by Hope Tuber
After a divorce is complete, if there were children of the marriage, custody was resolved.
Typically, one parent is awarded residential custody of the child subject to visitation rights of the
other party. After some time passes, one question which may rise is it whether is it possible for
the residential parent to move out of the state. The appellate department discussed this issue in
Batchelder v. Bonhotel.
In Bonhotel, parties separated and stipulated that the Mother was to be the residential
parent, subject to the visitation rights of the Father. Father was entitled to see his son every other
weekend and one overnight every other week. There was consistent visitation and the Court
found that both Father and son benefitted from a close relationship. Two years later, the Mother
lost her job and made plans to move out of New York to Alabama. She informed the Father the
night before her departure. In response, the Father petitions the Court for a change in
circumstances and seeks residential custody of the child.
As a first step, to change custody there must be a significant change of circumstance. In
this case, step one was easily met as the Mother lost her employment and was seeking to move
out of state. The Court then immediately turned its attention to whether the Mother could
relocate with the child. In making such a determination, the Mother bears the burden of proof
that she should be allowed to move by a preponderance of evidence. The Court will look at the
following factors: (1) the relationship with the parents; (2) the effect of the move on the
noncustodial parent; (3) the potential enhancement to the custodial parent and child due to the
move; and (4) parents’ motives for seeking or opposing the move.
In this case, the Mother claimed that she was unemployed and had better prospects in
Alabama with her fiancé. It was subsequently discovered that the Mother recently met her fiancé
online and was planning to stay at his residence. It was also discovered that her ability to
support herself and her son, in addition to the child support, was completely dependent on the
fiancé. The Mother did not lose her job, but quit so she could move to Alabama. The fatal blow
for the Mother was that the Court found that she failed to foster a relationship between her son
and the Father and she failed to demonstrate that she was providing a stable environment for her
son. Evidence to support her lack of support between the son and the Father was the fact that she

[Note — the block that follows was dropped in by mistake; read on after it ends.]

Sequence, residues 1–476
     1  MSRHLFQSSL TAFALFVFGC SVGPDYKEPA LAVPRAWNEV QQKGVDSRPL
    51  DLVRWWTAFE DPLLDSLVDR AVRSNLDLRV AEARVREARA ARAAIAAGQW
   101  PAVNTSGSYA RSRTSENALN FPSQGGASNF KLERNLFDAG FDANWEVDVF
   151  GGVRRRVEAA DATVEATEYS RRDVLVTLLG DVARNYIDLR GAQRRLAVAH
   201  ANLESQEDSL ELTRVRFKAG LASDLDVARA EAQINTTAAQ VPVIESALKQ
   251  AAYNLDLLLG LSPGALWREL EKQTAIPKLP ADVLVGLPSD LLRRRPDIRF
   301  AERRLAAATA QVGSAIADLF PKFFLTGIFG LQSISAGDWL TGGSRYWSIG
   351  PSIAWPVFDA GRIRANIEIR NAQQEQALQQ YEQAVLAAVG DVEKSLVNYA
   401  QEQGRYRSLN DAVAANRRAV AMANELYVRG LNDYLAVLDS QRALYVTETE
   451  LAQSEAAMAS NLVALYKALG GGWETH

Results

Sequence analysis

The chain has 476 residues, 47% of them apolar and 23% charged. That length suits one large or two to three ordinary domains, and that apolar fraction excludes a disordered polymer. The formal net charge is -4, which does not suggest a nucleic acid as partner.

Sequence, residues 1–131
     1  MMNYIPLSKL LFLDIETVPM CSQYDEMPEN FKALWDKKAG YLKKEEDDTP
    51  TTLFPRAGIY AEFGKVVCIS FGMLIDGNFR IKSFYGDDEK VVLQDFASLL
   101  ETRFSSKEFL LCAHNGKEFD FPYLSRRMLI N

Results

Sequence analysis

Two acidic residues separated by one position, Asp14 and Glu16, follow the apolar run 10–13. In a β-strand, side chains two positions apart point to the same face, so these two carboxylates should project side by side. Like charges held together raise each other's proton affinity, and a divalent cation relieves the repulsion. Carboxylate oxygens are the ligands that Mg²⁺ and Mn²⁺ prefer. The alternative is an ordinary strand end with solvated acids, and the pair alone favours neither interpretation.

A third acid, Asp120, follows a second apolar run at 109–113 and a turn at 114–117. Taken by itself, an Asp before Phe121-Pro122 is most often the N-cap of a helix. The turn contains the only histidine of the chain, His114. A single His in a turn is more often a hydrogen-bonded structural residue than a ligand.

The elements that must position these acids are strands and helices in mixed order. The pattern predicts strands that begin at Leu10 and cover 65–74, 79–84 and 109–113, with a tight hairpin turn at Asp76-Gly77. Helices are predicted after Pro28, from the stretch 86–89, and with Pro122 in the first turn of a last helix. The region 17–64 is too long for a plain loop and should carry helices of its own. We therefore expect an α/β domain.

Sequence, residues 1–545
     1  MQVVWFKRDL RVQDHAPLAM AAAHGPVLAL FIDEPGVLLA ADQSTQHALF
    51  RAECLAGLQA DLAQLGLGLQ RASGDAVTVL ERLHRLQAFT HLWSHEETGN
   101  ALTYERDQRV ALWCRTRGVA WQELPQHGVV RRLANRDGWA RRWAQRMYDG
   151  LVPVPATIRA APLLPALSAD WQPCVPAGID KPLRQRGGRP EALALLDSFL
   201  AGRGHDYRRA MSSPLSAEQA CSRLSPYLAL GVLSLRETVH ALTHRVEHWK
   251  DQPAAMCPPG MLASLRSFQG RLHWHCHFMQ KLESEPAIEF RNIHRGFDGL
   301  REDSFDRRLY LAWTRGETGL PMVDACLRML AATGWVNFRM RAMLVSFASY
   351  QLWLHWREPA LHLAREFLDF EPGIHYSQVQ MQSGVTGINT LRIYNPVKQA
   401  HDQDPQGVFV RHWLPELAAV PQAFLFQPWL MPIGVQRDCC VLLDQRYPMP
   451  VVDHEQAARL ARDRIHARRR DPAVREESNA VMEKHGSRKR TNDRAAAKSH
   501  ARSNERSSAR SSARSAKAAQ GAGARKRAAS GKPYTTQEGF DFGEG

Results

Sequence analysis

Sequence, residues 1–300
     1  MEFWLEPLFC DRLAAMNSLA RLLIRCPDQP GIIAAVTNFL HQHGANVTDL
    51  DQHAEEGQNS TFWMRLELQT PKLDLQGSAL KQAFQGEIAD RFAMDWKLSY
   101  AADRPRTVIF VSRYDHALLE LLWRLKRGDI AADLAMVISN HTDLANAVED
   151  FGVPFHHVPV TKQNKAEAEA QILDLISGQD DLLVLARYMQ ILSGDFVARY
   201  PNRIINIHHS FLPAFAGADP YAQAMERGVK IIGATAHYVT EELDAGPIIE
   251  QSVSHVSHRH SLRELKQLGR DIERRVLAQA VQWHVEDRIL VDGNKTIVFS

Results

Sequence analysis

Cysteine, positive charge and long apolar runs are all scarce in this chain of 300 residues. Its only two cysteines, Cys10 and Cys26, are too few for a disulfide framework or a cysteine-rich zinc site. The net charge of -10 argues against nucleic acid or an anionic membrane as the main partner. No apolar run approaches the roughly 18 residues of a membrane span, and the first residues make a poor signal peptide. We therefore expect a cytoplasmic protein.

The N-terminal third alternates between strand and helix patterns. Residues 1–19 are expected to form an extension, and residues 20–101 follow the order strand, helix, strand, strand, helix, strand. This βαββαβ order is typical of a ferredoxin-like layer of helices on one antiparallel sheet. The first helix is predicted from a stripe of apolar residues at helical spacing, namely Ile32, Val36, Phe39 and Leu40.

sprung the move on the Father the day before and refused to give the Father contact information
regarding where she was going and how he could contact his son. The Father, on the other
hand, had a steady job, and though he had a girlfriend, was in a steady relationship providing a
stable environment. The key though was the Father’s willingness to work towards fostering a
close relationship between his son and the Mother. He explained that if the Mother were to leave
for Alabama, he committed to skype sessions for his son to see his mother no less than two or
three times a week. As a result, the Court denied the Mother’s request to take the child out of the
State and granted the Father’s request to change residential custody to the Father.
In this case, the Mother was unable to show how leaving the state would enhance the
child’s life, and what I believe was the key to this ruling, the Mother failed to show how she
planned on dealing with separation between the Father and his son. She was actively hostile to
the Father and in no way fostered the relationship.
The lesson to take away from this ruling is that the Courts do not look favorably on a party who in
any way interferes with the relationship between the child and your former spouse. One can surmise that the uphill battle she had to
move her son to Alabama was not made easier with her open hostility to the Father.
If you do want to move your child from the state, make sure that you have a well thought
out plan which includes fostering the relationship between your child the non-custodial parent.
In addition, be ready to explain how moving your child out of state and away from the non-
custodial parent is in the child’s best interests, i.e., will advance the child’s education, financial
welfare, and education.